The ‘American Masters of Fashion Video Series‘, hosted by our Editor-in-Chief Marilyn Kirschner, is an exclusive feature production of lookonline.com. This interview with Bill was done in 2003. Other previous ‘Masters’ interviews by Marilyn were with Ruth Finley, Irish Apfel, Elsa Klensch and Ralph Rucci. Also, don’t miss the original video interviews hosted and conducted for us by Grace Mirabella with Arthur Elgort and CEO Rose Marie Bravo.
Summary Notes on Part 1 Video:
William Doyle Galleries ‘Couture Specialist’, Jan Glier Reeder, described Bill Cunningham as “a fashion historian, scholar, trend-spotter, cultural chronicler (fashion’s consummate documentarian with a camera), who holds a unique position in the world of post-war fashion.”
Bill Cunningham designed hats (“they were less costly than clothing to create”), worked as a fashion consultant for Chez Ninon in the 50’s, became a writer for WWD with John Fairchild’s encouragement in the 1960’s, was the New York and Paris fashion correspondent for the Chicago Tribune, and has been a photographer/chronicler for The New York Times – both his ‘Evening Hours’ and ‘On the Street’ columns are must reads -for the past 30 years.
Bill is a rarity in the fashion business: he is a major talent, widely respected, liked by all, and yet remains modest, honest, and outspoken. He has received many awards and words of praise but is fond of downplaying all of it saying “you just go out and do your job”. He prefers to credit his success to his wonderful “subjects”.
Although he can’t remember what triggered his love of fashion, he does recall buying dresses for his mother whose clothes he didn’t like. And despite his elitist’s eye, and a near encyclopedic knowledge of couture and fashion, he is completely democratic in his fashion point of view. Style for him has nothing whatsoever to do with celebrity (quite frankly, he could care less), money, or labels…it’s all about the way in which clothes are worn, the way they are put together. Finding these flashes of creativity are what it is ‘all about’ for him. He strongly believes that “fashion is the most personal thing you do …you get up in the morning and you get dressed … no matter what you have on – good or bad – it reflects your feeling about yourself; there’s no two ways about it!” And he chides, “of course, I Iook like hell.. I’m just a worker in the factory …but I’m crazy to see it on people like yourself.”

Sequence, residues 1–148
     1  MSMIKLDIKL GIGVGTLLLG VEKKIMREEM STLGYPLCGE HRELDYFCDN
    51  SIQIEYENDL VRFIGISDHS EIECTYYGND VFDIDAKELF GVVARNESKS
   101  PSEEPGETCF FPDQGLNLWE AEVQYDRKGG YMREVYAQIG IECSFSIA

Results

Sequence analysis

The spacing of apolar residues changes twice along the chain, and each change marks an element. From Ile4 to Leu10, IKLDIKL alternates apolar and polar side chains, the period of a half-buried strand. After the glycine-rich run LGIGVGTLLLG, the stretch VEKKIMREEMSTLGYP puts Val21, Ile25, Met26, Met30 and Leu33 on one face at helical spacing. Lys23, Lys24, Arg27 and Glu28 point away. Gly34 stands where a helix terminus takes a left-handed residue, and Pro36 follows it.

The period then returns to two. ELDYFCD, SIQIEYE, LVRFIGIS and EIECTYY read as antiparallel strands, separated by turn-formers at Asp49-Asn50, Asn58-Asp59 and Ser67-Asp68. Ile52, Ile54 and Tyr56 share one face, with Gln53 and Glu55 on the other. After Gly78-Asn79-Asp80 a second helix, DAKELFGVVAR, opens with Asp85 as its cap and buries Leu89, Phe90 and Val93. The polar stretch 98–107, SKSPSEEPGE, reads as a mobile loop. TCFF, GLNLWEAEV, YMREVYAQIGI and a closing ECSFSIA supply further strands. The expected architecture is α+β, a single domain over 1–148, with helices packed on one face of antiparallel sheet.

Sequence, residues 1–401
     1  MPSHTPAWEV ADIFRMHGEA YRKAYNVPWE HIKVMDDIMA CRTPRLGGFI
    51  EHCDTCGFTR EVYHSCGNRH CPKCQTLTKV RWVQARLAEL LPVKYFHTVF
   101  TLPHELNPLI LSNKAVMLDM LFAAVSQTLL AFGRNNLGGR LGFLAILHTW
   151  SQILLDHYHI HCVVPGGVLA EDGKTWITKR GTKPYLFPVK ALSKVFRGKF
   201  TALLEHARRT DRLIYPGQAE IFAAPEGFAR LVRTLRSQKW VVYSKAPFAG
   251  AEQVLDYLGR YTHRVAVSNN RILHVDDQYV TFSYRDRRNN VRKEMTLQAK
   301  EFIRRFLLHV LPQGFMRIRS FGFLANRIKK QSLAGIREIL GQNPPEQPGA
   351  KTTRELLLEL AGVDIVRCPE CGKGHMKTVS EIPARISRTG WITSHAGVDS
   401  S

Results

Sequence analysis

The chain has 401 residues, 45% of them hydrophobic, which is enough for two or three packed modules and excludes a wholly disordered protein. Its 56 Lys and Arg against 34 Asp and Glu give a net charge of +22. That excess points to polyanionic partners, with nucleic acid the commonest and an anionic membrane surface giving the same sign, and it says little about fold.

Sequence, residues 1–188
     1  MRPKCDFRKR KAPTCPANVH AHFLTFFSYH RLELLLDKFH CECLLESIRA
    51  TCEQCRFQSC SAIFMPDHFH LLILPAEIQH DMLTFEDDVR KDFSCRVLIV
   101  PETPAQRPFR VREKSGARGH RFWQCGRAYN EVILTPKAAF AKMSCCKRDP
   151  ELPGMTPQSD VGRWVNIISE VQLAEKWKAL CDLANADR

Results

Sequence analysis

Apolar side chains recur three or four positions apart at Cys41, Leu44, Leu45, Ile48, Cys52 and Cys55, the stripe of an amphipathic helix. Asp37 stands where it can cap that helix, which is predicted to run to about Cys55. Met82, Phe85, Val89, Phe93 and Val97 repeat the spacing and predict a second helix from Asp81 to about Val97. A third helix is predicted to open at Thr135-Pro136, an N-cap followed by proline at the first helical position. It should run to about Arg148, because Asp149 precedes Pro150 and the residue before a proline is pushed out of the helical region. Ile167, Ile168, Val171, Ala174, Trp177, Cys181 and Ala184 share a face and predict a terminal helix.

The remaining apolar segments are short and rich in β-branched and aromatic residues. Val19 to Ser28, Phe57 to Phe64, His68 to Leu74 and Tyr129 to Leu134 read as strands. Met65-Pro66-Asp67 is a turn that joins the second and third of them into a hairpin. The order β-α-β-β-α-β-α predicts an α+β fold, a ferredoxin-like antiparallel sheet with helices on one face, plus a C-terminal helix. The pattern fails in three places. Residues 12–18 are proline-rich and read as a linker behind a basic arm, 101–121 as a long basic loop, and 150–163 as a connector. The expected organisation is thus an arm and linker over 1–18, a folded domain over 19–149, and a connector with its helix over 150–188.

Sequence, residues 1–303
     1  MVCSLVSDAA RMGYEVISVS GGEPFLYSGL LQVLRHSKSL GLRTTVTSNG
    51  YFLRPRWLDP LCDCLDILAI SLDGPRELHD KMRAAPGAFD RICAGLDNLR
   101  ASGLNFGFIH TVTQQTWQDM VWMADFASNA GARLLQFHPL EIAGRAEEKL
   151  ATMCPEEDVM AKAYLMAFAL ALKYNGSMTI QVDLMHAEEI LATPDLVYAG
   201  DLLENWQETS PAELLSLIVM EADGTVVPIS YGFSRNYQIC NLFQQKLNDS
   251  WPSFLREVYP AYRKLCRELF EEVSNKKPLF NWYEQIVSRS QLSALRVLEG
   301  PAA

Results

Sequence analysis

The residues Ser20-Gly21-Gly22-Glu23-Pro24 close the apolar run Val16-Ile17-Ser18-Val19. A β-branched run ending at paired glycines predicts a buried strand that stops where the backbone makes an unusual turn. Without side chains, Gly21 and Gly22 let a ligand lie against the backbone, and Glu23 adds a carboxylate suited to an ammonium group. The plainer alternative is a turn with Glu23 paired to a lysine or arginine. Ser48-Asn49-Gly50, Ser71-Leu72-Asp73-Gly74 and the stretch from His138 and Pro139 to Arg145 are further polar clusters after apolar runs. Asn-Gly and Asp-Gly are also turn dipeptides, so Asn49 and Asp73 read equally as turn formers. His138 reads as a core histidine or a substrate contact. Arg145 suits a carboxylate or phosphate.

Hear what he has to say about the fabulous “museum” worthy clothing on sale at Doyle’s recent Couture and Textile Auction: “if you’re going to buy clothing and invest money, that’s the place to go … Saks and Bergdorf missed the boat completely … this is what should be filling up a department there”. And what does he think about the spectacle the runway shows have become? As he puts it: “we should stop going to them and just go to the pre-show collections”. He feels very strongly about designers returning to small presentations.
Summary Notes on Part 2 Video:
On the subject of newspapers, and especially fashion magazines, he feels the greatest change in recent years is how the “advertising departments are taking over editorial content”. While Bill admits to reading as many fashion magazines as he can each month, he singled out French Vogue (“dazzling”) under new editor in chief Carinne Roitfeld, who he has been photographing for about ten years (“she has her finger on the raw nerve of fashion….just like Anna Wintour did in the late 80’s and 90’s”).
His relationship with the street is a very special one – he admits to hitting the streets with his camera, as an “Rx” for the blues, and says he “lets the street speak to me” for the ideas that turn up in his ‘On the Street’ column each Sunday. This perfectionist painstakingly works on stories for months, often dropping ideas if they don’t hold up, or redoing them a year later if the trend is still there (“it can’t be faked, it can’t be hype”.)
He shows up at The New York Times, each morning at 7:30 for their oatmeal (“the best in New York”), and praises the company where he has worked for about 30 years for their “honesty and integrity”. He certainly seems like a very content, happy man (“I just enjoy life and enjoy what I do”), and admits to a very simple life…boasting he doesn’t even own credit cards.
He laughs off a question about retirement, saying he “doesn’t look at what he does as work”, and it’s obvious that he would be doing what he does without the paycheck. What about a ‘successor’? “Who would be crazy enough to stand out in the street for three weeks just to find the perfect woman?”
The three most ‘memorable’ moments of his career? 1 – Dior’s New Look in 1947 “feminine romance” 2 – The “totally pure designs” of Andre Courreges (“something you never saw before…he invented the third sex”) 3 – The birth of French ready-to-wear.
Other Master’s of Fashion Interview with Elsa Klensch & Ruth Finley